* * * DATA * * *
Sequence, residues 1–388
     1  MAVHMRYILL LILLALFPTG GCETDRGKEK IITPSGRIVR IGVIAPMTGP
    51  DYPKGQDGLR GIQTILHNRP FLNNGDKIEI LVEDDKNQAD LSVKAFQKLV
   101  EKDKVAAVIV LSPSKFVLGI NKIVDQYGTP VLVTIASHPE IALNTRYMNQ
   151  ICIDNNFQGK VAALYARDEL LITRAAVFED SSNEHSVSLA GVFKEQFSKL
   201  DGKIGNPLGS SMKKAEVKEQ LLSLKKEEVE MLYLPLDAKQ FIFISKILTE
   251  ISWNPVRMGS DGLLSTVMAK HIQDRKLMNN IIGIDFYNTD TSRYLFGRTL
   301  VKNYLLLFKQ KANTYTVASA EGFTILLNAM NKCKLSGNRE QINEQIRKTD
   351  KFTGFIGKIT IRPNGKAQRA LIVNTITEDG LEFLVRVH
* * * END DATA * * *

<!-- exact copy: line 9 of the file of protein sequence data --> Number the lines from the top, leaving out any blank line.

   351  KFTGFIGKIT IRPNGKAQRA LIVNTITEDG LEFLVRVH